“We do most of our training in on-prem instances. We have a couple hundred A100 NVIDIA cards, and we recently just purchased like a couple hundred more that we have for on-prem instances used to train." The crypto winter has been a blessing for this market, as a glut of GPUs has come onto the secondary market and prices for new and used hardware have fallen.

As David Linthcium wrote over at InfoWorld:

Companies are looking at other, more cost-effective options, including managed service providers and co-location providers (colos), or even moving those systems to the old server room down the hall. This last group is returning to “owned platforms” largely for two reasons.

First, the cost of traditional compute and storage equipment has fallen a great deal in the past five years or so. If you’ve never used anything but cloud-based systems, let me explain. We used to go into rooms called datacenters where we could physically touch our computing equipment — equipment that we had to purchase outright before we could use it. I’m only half kidding.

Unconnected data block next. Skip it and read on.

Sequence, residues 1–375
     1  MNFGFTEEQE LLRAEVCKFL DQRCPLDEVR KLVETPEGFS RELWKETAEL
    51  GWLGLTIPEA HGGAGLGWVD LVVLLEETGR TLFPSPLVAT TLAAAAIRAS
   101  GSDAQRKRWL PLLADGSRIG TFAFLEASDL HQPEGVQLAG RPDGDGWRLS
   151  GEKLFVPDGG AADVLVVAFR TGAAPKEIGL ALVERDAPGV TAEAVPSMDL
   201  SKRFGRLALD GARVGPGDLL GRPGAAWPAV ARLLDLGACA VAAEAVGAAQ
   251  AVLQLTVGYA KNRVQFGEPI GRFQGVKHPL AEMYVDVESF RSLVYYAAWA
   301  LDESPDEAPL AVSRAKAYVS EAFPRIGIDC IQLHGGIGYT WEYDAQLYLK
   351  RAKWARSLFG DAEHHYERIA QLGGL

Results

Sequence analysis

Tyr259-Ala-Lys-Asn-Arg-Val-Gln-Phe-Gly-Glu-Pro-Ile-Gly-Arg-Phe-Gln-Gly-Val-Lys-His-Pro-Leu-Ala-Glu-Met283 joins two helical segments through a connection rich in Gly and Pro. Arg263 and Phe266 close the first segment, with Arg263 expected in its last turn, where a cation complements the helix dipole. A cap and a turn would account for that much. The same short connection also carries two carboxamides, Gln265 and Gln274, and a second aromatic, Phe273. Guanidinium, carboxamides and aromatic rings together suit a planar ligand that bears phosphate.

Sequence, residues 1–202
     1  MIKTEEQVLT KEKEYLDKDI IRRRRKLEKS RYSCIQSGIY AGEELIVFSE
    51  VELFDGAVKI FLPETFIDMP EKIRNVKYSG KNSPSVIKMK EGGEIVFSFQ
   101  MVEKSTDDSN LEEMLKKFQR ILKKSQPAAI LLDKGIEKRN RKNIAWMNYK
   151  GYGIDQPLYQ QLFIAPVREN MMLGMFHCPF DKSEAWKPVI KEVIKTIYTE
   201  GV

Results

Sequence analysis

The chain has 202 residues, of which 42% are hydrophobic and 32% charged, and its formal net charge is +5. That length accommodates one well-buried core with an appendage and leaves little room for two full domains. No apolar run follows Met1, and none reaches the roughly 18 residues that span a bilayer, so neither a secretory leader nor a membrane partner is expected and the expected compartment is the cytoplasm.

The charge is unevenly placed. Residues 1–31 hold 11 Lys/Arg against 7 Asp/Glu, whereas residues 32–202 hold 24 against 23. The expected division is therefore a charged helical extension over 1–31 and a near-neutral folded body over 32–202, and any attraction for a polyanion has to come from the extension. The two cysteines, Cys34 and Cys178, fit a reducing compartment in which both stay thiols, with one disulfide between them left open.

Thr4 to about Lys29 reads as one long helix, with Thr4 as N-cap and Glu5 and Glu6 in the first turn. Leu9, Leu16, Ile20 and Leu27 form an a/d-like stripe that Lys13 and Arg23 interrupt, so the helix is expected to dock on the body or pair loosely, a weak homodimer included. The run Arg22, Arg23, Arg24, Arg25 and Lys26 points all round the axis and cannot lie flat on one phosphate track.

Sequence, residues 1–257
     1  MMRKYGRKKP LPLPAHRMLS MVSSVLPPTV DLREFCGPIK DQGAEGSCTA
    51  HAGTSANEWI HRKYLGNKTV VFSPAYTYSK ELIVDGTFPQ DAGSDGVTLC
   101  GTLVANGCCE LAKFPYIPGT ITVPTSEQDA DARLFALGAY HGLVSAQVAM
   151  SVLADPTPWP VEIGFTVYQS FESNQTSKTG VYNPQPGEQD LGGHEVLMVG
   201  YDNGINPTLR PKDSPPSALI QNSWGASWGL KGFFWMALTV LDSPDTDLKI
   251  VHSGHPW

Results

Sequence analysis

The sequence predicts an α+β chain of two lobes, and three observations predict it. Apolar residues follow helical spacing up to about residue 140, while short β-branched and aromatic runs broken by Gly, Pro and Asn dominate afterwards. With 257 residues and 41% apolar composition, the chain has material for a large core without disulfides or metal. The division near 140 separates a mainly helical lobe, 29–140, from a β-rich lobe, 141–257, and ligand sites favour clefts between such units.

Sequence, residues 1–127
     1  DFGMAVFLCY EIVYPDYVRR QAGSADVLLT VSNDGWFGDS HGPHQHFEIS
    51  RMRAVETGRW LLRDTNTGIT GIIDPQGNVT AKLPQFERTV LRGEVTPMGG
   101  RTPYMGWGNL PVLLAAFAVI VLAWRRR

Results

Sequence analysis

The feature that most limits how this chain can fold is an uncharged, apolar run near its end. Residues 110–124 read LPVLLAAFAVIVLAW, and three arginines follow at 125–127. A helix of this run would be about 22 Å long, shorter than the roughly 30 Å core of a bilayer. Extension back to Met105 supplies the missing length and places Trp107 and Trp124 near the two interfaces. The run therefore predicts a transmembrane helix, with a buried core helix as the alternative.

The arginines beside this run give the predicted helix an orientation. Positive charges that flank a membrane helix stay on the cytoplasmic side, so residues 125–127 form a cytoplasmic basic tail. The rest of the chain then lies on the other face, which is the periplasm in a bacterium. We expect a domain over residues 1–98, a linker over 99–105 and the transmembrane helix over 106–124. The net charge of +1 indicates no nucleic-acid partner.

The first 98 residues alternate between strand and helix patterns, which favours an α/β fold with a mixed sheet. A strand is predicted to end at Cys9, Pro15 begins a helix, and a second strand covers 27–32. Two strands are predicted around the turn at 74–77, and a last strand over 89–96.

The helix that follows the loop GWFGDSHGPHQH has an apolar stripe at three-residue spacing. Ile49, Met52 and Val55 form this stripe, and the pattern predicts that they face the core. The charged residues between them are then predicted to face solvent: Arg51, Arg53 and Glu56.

When it comes down to renting versus buying, many are finding that traditional approaches, including the burden of maintaining your own hardware and software, are actually much cheaper than the ever-increasing cloud bills.

Second, many are experiencing some latency with cloud. The slowdowns happen because most enterprises consume cloud-based systems over the open internet, and the multi-tenancy model means that you’re sharing processors and storage systems with many others at the same time. Occasional latency can translate into many thousands of dollars of lost revenue a year, depending on what you’re doing with your specific cloud-based AI/ML system in the cloud.

It’s not just small AI startups that want to crunch a lot of data at a low latency with homegrown models. Here’s an eye-opening quote from Protocol. “The on-prem trend is growing among big box and grocery retailers that need to feed product, distribution, and store-specific data into large machine learning models for inventory predictions, said Vijay Raghavendra, chief technology officer at SymphonyAI, which works with grocery chain Albertsons.”